"The observations will be made possible through the control we have developed over the wave nature of free electrons," explains Prof. Kaminer
Prof. Ado Kaminer from the Viterbi Faculty of Electrical and Computer Engineering Won an ERC Consolidator grant from the European Research Commission. The grant supports selected researchers who come up with pioneering and ground-breaking research ideas. The grant will be used by Prof. Kaminer's research team to develop an innovative theory and experimental platform for a new field in fast electron microscopy: Q-in-PINEM. This research will focus on the creation of new quantum states and the detection of unique quantum properties of materials.
"The goal of the project is to investigate new quantum phenomena that have not yet been observed, through the control we have developed over the wave nature of free electrons," explains Prof. Kaminer. "We intend to produce multi-electron entangled states for the first time and measure the quantum correlations that are formed in short times and at high speeds."
Free electron physics is an old field of research, which has already led to various breakthroughs and applications from microwave ovens and particle accelerators to free electron-based lasers. However, the breakthroughs of Prof. Kaminer's research group showed that precisely in this old field there is still much to discover, and in recent years his group has led to new discoveries and unprecedented observations of the interaction between matter, light and free electrons.
The Vice President of the Technion for Research Prof. Kobi Rubinstein He said that "ERC Consolidator grants are one of the most prestigious competitive grants offered by the European Research Commission, and the best researchers in Europe compete for them. Prof. Kaminer's win testifies to his excellence and the applied horizon that the ERC people see in his research."
This month, Prof. Kaminer also won the Lem Prize (LEM) on behalf of the Wroclaw University of Science and Technology in Poland, named after the science fiction writer Stanislaw Lem, the Lem Prize is given every year One young researcher whose creative work in science or engineering has the potential to positively impact the future of civilization. Stanislaw Lem (Lem), author of the classic "Solaris", is considered the most famous Polish writer in the world and one of the greatest writers in the science fiction genre. The award named after him was founded two years ago, on the 100th anniversary of his birth, and is dedicated to the main aspects of his literary legacy: people, science, technology, progress and the future. Prof. Kaminer is the third researcher to win the award.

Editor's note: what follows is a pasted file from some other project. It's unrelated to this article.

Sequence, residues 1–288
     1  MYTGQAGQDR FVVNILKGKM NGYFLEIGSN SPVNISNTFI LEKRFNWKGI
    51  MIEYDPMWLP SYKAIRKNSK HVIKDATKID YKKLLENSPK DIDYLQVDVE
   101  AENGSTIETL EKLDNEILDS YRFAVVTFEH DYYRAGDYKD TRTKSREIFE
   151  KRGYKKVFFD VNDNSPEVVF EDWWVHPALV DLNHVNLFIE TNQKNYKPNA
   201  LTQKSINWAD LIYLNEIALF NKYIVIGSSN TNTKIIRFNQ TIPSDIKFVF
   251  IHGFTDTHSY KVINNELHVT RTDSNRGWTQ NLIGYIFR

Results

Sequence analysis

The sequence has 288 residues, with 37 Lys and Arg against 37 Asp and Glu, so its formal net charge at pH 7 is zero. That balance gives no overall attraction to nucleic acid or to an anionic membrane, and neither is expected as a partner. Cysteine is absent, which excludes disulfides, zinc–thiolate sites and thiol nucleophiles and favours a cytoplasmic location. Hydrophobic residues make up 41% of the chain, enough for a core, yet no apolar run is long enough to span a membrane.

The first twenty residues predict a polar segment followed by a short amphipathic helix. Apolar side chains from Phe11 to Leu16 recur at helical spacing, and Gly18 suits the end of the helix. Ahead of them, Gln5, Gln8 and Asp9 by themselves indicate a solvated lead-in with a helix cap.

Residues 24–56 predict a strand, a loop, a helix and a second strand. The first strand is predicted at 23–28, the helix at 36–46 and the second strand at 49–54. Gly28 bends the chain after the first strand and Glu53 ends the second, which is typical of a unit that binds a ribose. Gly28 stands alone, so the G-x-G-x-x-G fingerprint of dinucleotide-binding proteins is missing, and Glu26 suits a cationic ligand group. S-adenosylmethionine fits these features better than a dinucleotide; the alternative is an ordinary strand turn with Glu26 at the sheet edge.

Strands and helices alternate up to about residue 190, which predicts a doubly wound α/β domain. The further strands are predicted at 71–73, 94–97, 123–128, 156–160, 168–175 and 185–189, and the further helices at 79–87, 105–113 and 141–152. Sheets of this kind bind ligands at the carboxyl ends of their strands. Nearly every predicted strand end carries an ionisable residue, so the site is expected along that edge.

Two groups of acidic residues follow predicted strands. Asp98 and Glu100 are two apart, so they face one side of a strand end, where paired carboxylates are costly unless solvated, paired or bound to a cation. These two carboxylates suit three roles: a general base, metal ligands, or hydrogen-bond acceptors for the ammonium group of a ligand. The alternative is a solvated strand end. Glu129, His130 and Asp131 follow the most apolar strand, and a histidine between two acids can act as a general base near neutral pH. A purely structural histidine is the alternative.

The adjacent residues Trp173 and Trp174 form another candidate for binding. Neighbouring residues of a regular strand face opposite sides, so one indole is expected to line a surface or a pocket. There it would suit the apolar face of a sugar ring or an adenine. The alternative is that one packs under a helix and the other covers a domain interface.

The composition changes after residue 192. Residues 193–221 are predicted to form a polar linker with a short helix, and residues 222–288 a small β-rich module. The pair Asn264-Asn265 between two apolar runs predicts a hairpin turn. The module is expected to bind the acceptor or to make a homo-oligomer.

Prof. Kaminer completed all his academic degrees at the Technion: a double bachelor's degree in electrical engineering and physics and a master's degree and a doctorate in the Faculty of Physics under the guidance of Research Prof. Moti Segev. In 2018, after a post-doctorate at MIT, he joined the Faculty of Electrical and Computer Engineering at Viterbi and established the AdQuanta Laboratory there. Prof. Kaminer is a member of the Russell Berry Nanotechnology Institute (RBNI), the Helen Diller Quantum Center, and the Solid State Institute.
Prof. Kaminer was included in the 2020 list of promising young people of De Marker. In 2022, he won the Polymath Prize, in the amount of 2.5 million dollars, which the Schmidt Futures Foundation gives to "extraordinary people who improve the world". He also won the Lomb Medal, the Creel Prize, the Blavatnik Prize and awards from the Israel Physical Society and the American Physical Society (APS).
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